Saturday, July 12, 2014
Inquirer Daily News

Cars and bikes: Perfect together?

Usually cars and bicycles go together like cats and dogs, or oil and water. But this morning outside the Municipal Building, Zipcar and the Bicycle Coalition of Greater Philadelphia (along with the Clean Air Council) teamed up for an event marking the start of the second annual "Low-Car Diet" challenge.

Cars and bikes: Perfect together?

Usually cars and bicycles go together like cats and dogs, or oil and water. But this morning outside the Municipal Building, Zipcar and the Bicycle Coalition of Greater Philadelphia (along with the Clean Air Council) teamed up for an event marking the start of the second annual "Low-Car Diet" challenge. About a dozen Philadelphians signed up to go "car-free," that is, without owning a car, for a month, and even ceremoniously surrendered their keys as part of the spectacle.

At first blush, the objectives of the two organizations - one promoting cars, the other bikes - may seem askew, but organizers saw them in perfect harmony. Alex Doty, Executive Director of the Bicycle Coalition of Greater Philadelphia, said, "Personally, I've been doing car-sharing for seven years. That allows me to bike more, and it makes you stop and think about the dollar amount behind each trip."

"It's not that we're anti-car," he continued. "If you have a more balanced transportation picture, there's gonna be more biking. Look at Amsterdam - one-third of all trips there are taken by bike. Here in Philly it's two percent. So we've got room to grow. Even the highest-bike-use city in the country, Portland, is only five or six percent.

"The optimal balance of transit," he concluded, "is not necessarily one in which there are no cars. Carsharing gives people more options for their transportation, and biking is the healthiest of those options."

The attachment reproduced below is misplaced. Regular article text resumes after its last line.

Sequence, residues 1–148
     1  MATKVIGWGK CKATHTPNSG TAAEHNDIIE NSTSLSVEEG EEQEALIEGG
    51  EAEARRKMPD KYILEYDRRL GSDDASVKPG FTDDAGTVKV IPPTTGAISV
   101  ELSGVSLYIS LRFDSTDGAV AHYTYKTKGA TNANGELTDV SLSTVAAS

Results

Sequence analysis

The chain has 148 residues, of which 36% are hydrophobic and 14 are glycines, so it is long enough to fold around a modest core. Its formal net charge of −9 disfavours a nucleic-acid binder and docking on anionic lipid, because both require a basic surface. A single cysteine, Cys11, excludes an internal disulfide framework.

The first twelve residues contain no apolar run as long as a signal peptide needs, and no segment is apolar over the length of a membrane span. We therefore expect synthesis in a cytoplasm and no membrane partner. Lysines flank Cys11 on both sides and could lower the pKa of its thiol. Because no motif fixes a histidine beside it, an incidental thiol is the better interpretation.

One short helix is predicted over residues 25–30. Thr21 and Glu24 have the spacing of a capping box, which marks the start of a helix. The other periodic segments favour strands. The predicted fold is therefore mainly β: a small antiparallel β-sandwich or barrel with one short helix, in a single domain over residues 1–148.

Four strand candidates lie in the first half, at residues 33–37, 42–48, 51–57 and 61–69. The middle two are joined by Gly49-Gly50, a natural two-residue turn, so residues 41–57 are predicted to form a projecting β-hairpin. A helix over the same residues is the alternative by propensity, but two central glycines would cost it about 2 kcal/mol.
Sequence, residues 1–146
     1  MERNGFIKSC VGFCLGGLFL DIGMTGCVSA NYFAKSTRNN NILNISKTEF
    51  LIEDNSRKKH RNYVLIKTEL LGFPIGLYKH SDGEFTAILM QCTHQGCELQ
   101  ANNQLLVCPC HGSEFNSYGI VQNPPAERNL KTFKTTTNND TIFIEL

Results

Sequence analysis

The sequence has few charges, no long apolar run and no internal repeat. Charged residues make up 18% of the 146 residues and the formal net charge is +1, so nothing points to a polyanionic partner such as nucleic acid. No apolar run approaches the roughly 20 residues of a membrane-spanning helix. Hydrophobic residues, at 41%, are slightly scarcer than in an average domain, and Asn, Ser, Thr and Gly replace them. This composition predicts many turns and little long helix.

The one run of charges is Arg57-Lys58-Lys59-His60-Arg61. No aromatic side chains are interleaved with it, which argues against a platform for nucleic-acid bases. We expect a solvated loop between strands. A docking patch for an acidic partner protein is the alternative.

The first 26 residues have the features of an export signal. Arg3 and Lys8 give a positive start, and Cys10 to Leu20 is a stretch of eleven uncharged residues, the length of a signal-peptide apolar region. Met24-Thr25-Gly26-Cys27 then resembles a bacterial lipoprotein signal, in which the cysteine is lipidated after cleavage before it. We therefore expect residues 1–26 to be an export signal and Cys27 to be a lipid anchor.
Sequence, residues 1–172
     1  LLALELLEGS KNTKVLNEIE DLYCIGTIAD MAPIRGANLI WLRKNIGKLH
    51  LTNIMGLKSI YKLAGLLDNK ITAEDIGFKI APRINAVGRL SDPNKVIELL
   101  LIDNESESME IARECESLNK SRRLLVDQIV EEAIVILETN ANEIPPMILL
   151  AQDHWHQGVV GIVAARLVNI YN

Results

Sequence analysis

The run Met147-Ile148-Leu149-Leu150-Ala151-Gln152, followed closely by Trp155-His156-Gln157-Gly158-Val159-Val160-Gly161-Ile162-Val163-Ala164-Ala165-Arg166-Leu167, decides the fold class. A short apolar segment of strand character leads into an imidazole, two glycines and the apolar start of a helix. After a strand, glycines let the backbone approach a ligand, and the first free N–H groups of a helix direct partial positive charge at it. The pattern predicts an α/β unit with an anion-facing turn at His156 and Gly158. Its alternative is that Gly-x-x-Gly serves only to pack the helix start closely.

John Williams, a spokesperson for Zipcar, concurred: "There's a logical connection between Zipcar and the bicycle coalition. It's all about a high quality urban lifestyle and sustainable living." But he pointed out that it's really difficult to live in such a way that you absolutely never drive a car. "You can bike to work, ride public transit to work," he offered, "but you may need a car to go to Ikea and pick up the couch. Or: What if my kid gets sick at school?" He smoothly transitioned into an explanation of just how Zipcar could help you in situations like this. "If you need a car in a pinch we have them."

So whether or not car ownership takes a hit, the folks behind the Low-Car Diet seem to agree that this is a win-win for car-sharing and bike-riding alike. "Car-sharing gives people more options," said Doty, "and biking is the healthiest of those options." With the announcement of new bike lanes coming to Center City, that could translate into greater, and greener, local ridership. Two percent? Try three - or hell, maybe four and a half percent! Look out, Portland!

About this blog